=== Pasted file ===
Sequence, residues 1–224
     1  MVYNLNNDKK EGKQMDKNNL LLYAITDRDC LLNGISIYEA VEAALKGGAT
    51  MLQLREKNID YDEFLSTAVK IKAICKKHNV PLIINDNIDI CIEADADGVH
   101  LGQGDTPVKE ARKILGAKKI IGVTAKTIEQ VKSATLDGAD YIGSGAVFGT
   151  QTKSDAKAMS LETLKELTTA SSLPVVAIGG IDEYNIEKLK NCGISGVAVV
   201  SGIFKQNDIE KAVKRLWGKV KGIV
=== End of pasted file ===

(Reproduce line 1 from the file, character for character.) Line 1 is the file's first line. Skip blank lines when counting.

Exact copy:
Sequence, residues 1–224